Archive for Gear

Gear Reviews: MI Audio Crunchbox

Posted in Gear with tags , , , on August 3, 2010 by stevenreedkelly

This is it.  The ultimate distortion pedal.

I’ll back things up a little bit.  See – I bought a Mesa Boogie Lone Star (1 x 12 combo) about 3 years ago and despite falling head over heels for the amplifier in almost every way imaginable, I found that the dirty channel was a little too lightweight.  At the time, my limited pedal set included a Tube Screamer (TS9) but that’s still a pretty subtle overdrive pedal.  What I was looking for was some outright ballsy distortion.

My first attempt at finding a high-gain pedal was a huge fail.  I bought an Electro-Harmonix Metal Muff pedal after playing it in a busy guitar store downtown.  When I got it home, I couldn’t help but notice that my wonderful amp sounded like a box of rocks when the pedal was engaged.  I advise everyone to stay away from this pedal unless you’re into that sort of sound.  If you are, shoot me an email – I still have the pedal.  It’s increasingly difficult to sell these things because EHX made a ton of them and you can find them all over eBay for a fraction of what I paid at retail!  Buyers market, fellas!

So after that disaster, my desire for a really good distortion pedal still was not quenched.  I visited a local guitar store (30th Street Guitars – hands down, my favorite store in New York) and Bogarted their amp room for 45 minutes while I test-drove several different distortion/overdrive pedals.  I tried the RAT and a Keeley Fuzz pedal and then I stumbled upon the MI Audio Crunch Box.  I was instantaneously floored.  It’s designed to give you the crunch of a Marshall (“British Overdrive” is how they describe it), but Marshall’s always sounded way too much like playing through a tin can – you can actually reign in your treble in this pedal.

Another thing I like about the pedal is that at low gain settings, you can still get that subtle overdrive tone.  It’s nice to have the versatility to go from very low subtle gain to borderline fuzz in one pedal.  Needless to say, I bought the pedal and it’s been the keystone in my rig ever since.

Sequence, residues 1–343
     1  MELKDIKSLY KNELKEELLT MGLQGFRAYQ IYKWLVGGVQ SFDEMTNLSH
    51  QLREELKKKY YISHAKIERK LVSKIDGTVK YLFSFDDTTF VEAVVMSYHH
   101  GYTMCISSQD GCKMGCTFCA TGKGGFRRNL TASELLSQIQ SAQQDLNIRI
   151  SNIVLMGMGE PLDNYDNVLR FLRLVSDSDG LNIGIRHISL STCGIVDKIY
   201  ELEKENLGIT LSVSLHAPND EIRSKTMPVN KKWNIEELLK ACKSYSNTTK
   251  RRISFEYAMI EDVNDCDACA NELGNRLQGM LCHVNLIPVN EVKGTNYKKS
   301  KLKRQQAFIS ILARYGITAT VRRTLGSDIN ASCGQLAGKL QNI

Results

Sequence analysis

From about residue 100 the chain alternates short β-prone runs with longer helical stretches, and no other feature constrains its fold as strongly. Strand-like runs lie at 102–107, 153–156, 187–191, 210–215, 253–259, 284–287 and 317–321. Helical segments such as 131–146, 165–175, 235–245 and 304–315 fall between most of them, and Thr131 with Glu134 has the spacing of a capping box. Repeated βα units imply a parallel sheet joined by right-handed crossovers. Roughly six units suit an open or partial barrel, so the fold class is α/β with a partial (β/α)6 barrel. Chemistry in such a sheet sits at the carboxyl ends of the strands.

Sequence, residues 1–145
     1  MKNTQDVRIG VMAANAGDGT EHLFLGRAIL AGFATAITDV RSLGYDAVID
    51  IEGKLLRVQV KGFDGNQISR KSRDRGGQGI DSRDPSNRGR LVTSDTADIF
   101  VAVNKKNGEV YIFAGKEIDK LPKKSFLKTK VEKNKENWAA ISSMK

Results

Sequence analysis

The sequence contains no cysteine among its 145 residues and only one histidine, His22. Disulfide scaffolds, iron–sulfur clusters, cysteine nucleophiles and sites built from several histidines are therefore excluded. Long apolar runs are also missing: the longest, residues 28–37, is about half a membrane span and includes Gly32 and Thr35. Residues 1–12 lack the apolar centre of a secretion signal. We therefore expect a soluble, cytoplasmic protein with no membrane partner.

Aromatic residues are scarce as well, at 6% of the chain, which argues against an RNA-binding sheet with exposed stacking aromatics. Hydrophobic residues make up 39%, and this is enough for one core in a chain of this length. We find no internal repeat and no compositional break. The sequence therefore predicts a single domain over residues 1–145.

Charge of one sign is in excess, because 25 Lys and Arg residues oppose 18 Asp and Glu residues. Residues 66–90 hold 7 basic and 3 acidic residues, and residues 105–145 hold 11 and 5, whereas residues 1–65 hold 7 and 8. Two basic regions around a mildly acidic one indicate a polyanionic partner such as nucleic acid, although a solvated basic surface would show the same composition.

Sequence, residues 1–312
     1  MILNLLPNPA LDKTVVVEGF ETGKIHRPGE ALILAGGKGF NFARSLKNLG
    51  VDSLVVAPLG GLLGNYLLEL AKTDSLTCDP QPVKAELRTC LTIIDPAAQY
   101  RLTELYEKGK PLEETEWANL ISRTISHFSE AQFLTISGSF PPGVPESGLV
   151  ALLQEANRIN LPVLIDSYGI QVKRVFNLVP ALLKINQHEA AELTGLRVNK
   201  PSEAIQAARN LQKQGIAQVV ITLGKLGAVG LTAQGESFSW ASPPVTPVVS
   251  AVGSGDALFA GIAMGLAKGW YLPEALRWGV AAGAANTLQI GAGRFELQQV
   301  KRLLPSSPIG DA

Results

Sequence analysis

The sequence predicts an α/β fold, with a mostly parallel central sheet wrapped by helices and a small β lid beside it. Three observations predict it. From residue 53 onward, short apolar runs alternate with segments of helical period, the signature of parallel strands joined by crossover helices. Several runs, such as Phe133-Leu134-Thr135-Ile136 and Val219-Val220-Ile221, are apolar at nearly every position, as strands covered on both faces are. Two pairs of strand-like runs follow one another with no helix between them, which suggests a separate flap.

Depending on the pickups, my comfort zone for the knobs looks like this:

Volume: Right around 10 o’clock seems to be the setting where I don’t hear a volume drop or boost when the pedal is engaged.

Tone: I keep this right around 2 o’clock for my telecasters – and my strat is a little muddier, so i’ll crank this up to about 4 o’clock when I’m using that axe.

Gain: For humbuckers, you don’t have to go much past 9 o’clock for full-on distortion.  For single coils, you can wind up to about 12 o’clock.  Anywhere past that is almost too much.

To give you an idea of what this pedal can do (and because I’m too lazy to record my own video), Here’s a video from Pro Guitar Shop.  They do great demos.

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Gear Reviews: Seymour Duncan SFX-10 Deja Vu

Posted in Gear with tags , , , , , , on June 10, 2010 by stevenreedkelly

Back in my formative youth, I used to hate delay pedals.  My first delay was a Boss DD-3 – which was a digital delay – and I didn’t understand why I didn’t immediately sound like the Edge when I stomped on the pedal.  Of course, this was during college when my gear set-up included a 10-watt Fender Bronco (solid state) amplifier.  At that point, I still didn’t know how flat and lifeless my tone sounded through cheap gear… and an 8 inch speaker.

Even after I bought a nice tube amplifier – I still didn’t like the Boss.  Having to fidget with the delay time knob to sync it up with the tempo of a song (only to have it fall out of sync moments later) was frustrating and not very efficient, so I sold the pedal.